Not only is it unscientific to draw direct conclusions about humans from the study of baboons (and vice versa), it can be dangerous, especially for women. The concept of “hardwiring”, something that biological anthropologists constantly investigate, comes out often in popular science, and it can often scare readers into believing there is no hope for progress. Or worse, that there is a biological excuse for violence and discrimination. Although it is important and interesting to keep humans and the practical use of science in mind, claiming primate biology and human biology have interchangeable implications can have dangerous consequences.
Even in the modern world of anthropological scholars (which was paved with racism, sexism, and assumptions based on Western imperialism), there remains an interest in perpetrators of dominance. However, the dynamics are shifting.
“In academia, you do see [people] talking about male-driven systems. In anthropology, you definitely see (I see it in my program too) there are a lot of male faculty, but a lot of female students. I would say I see about 90% female students. We’re in an interesting era where we see a wave of female students coming in to biological anthropology- and also to science more generally. And as a result of that, questions are being asked that weren’t before. And with hamadryas, I was especially interested in the role of females in [a male driven system.]”
As we speak, more evidence for strong female bonds in hamadryas baboons is coming out every day. Larissa Swedell, Katarina’s supervisor at QC and the founder of the Filoha Hamadryas Project- the only habituated band of hamadryas in the wild- is at the front of new research. There is evidence of some level of female [mate] choice- females end up in certain groups with their own kin more so than you would expect by random chance. There are also papers by Swedell on hamadryas female affiliation and social bonds, where she talks about variation in female social relationships and the underestimation of how strong those bonds are. According to Professor Swedell, some females even crossed unit boundaries to interact with one another. Clearly there is some level of ignorance when it comes to how we describe hamadryas relationships by gender. This evidence inspires Katarina’s push to further investigate the contributions of females to the hamadryas social paradigm, but she also has personal reasons for her drive.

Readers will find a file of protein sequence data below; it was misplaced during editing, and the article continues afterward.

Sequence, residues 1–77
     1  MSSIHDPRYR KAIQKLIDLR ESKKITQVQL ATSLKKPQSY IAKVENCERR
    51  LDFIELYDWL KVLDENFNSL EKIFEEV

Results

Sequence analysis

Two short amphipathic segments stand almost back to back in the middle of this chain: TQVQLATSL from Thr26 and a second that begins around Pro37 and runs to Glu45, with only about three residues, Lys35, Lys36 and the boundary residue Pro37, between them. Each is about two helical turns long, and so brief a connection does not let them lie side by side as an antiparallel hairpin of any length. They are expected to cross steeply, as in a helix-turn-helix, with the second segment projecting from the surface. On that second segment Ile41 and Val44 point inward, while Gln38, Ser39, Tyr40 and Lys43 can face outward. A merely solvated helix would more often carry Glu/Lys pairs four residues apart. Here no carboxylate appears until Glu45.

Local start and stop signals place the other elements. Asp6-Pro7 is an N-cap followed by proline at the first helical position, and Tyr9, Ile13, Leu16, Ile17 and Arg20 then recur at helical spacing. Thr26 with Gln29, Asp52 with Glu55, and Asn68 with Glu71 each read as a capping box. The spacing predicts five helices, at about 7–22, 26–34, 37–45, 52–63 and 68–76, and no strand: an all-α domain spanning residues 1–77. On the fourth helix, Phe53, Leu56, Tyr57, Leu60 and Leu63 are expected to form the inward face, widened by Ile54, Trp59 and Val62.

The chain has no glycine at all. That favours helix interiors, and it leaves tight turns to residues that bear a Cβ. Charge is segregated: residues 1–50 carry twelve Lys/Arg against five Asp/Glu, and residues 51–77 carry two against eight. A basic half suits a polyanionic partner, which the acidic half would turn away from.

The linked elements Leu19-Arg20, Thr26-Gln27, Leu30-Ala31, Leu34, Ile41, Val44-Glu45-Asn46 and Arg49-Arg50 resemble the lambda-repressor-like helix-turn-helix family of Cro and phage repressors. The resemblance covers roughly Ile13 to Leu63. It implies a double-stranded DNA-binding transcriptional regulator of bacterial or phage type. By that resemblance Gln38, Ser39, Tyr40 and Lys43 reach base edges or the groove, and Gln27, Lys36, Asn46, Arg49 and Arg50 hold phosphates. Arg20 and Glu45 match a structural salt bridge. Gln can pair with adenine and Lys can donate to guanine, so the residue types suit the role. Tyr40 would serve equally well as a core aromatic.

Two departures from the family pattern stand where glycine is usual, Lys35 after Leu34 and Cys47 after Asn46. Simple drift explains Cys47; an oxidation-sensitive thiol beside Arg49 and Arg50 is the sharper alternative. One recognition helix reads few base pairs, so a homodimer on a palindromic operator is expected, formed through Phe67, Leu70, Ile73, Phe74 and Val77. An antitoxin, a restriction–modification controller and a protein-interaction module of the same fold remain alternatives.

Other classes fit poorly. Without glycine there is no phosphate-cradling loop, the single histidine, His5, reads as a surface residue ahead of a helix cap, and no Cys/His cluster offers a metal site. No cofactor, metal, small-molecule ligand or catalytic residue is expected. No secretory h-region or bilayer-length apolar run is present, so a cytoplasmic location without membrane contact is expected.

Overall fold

“One of the reasons I pushed to include females in the project is because it’s just important to me. There’s something powerful about understanding the benefits of female relationships. We’re trying to understand evolutionary origins, why we are the way we are, and not just us, but why these animals are the way they are. It’s tough because thinking about the link to humans and my own biases, I am studying the role of females and I also am a female… I guess I am a little biased! But I want to know the role females are playing. And I think my interest also means I have a responsibility to be honest about what I find.”
Katarina feels a duty to her lab and to these monkeys, and that’s okay. Every scientist is subject to their own interests, beliefs, and wishes when they pour their heart into a project. It can cause false narratives, but it can also inspire very real and important questions that require diverse perspectives to gain the truth. Scientists’ varying perspectives should serve as a means for widening the scope of research, rather than narrowing it. That’s why it’s so incredibly inspiring to see more women pushing their questions in our field today, in the search for a more complete narrative.
By Emma Gometz